Author: Elisha Kayne
Today, more than 80% of the Japanese population engage in some form of Shinto practice. Whether visiting local shrines or attending festivals, there are millions of men and women in Japan who continue to honor their ancestors. For practitioners of traditional Japanese customs, there are two foundational texts that must be explored by those who are interested in learning about the Shinto philosophy, the Kojiki and Nihon Shoki. Out of the two, the title which boasts the most spiritual and mythological significance is the Kojiki.
The Origin of Kojiki
In the year 712 AD, O no Yasumaro presented the Kojiki to Empress Genmei. Having been commissioned with the great work years before by Emperor Tenmu, Yasumaro sought to erase falsehoods and establish truth. He was tasked with creating a collection of works comprised of the traditional oral history which began with the creation of the Earth during the Age of the Gods, and create a concise genealogical record of the Imperial family that stretched all the way back to the Goddess Amaterasu. Through the Imperial Records, or Teiki and the Ancient Myths, or Kuji, the people of Japan could have clear documentation of their origins and firmly establish a direct link which connects them to their most ancient ancestors.
The Kojiki is written in three portions. The first volume, called the Kamitsumaki or Kamiyo no Maki, focuses primarily on the story of creation and the Age of the Gods. It describes in detail the first generations of the Gods and Goddesses, explaining the formation of the heavens and earth, as well as the beginnings of the Imperial line through their descent from Amaterasu and Ninigi no Mikoto. The second and third volumes provide genealogical records of the Imperial families, beginning with Emperor Jimmu, through the reign of Emperor Ojin and Nintoku, and finally ending with Empress Suiko, the 33rd monarch of Japan.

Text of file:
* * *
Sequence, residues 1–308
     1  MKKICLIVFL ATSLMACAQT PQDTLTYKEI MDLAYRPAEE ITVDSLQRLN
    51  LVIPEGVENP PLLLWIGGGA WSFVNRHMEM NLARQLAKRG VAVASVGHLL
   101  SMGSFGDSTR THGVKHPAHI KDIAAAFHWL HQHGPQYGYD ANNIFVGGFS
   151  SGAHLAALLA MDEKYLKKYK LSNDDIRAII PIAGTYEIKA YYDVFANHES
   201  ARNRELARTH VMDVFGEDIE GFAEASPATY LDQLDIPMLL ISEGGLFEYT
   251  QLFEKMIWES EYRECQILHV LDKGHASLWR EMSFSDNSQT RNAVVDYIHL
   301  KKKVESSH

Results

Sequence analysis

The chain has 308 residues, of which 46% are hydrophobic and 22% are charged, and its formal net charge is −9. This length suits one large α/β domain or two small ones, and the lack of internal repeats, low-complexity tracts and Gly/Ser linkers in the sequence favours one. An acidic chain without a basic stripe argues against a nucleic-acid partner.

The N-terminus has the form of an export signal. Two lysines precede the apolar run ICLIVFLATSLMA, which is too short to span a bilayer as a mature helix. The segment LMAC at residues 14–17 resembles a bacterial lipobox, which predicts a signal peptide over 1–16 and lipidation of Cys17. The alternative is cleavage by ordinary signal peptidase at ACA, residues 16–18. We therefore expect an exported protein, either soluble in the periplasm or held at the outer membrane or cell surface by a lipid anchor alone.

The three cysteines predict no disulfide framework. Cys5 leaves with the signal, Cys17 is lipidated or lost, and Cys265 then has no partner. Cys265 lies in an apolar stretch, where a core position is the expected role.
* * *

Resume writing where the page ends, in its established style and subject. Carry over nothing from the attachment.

Significance of the Work
The Kojiki was commissioned at a unique time in Japanese history, when the realm faced great challenges and difficulties. By producing such a work, the people of Japan had a document which preserved the rich heritage of oral tradition which had been passed down from father to son for many generations. The changes that swept through the Empire during 8th century AD and beyond could have resulted in the tragic loss of such knowledge and wisdom, but because of the publishing of the Kojiki, the history of Japan was kept safe for future descendants.
Reading the English Translations
The translation of the Kojiki into English has created an opportunity for people around the world to become more informed about the incredible myths and traditions of Japan. The first English language Kojiki was written by Basil Hall Chamberlain in 1882. For almost a century, his work was the only translated manuscript available to the western world. As time moved on, many criticisms of the work began to develop. Some readers and scholars were frustrated with the antiquarian language and his heavy use of footnotes, which can at times overshadow the original literature. Two other modern versions of the English translation have since been published. Kojiki, translated and edited by Donald L. Philippi in 1969 and The Kojiki: An Account of Ancient Matters, translated by Gustav Heldt in 2014 are both widely available online and in book stores around the world.